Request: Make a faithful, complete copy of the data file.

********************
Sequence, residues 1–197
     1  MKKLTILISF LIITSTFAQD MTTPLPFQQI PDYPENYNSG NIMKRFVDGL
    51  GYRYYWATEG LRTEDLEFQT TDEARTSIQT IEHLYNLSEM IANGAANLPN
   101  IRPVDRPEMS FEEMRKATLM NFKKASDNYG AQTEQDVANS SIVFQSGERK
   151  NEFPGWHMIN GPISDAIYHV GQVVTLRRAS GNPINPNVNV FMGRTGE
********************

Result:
Sequence, residues 1–197
     1  MKKLTILISF LIITSTFAQD MTTPLPFQQI PDYPENYNSG NIMKRFVDGL
    51  GYRYYWATEG LRTEDLEFQT TDEARTSIQT IEHLYNLSEM IANGAANLPN
   101  IRPVDRPEMS FEEMRKATLM NFKKASDNYG AQTEQDVANS SIVFQSGERK
   151  NEFPGWHMIN GPISDAIYHV GQVVTLRRAS GNPINPNVNV FMGRTGE